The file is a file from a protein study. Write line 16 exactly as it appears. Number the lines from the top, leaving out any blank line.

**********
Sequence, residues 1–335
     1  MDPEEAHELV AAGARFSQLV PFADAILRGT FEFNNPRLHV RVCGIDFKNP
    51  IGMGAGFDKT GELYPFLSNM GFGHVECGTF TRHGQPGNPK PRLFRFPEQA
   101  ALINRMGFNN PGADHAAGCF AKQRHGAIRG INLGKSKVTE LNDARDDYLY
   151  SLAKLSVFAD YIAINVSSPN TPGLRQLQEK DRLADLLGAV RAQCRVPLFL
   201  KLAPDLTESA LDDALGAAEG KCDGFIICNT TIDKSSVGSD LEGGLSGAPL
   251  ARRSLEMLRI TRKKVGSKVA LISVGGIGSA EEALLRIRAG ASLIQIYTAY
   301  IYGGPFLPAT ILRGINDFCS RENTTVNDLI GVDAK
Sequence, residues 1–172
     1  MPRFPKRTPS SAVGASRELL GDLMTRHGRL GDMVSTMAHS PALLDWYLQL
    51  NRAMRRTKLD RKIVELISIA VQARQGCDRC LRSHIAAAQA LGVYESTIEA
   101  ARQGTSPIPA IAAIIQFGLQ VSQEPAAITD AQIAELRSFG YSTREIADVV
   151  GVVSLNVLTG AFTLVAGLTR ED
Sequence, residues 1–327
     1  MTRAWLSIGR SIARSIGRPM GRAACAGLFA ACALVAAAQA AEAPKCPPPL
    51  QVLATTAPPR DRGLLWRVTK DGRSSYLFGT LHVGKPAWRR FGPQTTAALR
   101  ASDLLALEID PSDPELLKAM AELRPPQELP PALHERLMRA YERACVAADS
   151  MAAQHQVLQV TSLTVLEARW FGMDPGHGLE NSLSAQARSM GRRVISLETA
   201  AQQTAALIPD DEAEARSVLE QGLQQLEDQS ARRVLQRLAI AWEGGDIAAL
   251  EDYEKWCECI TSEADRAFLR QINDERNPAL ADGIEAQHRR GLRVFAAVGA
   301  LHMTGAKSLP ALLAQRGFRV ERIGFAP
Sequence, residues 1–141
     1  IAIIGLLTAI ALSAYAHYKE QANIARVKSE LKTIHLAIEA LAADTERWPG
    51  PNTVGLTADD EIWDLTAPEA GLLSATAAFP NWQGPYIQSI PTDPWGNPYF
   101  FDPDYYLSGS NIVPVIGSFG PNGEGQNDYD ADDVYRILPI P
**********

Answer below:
    51  QVLATTAPPR DRGLLWRVTK DGRSSYLFGT LHVGKPAWRR FGPQTTAALR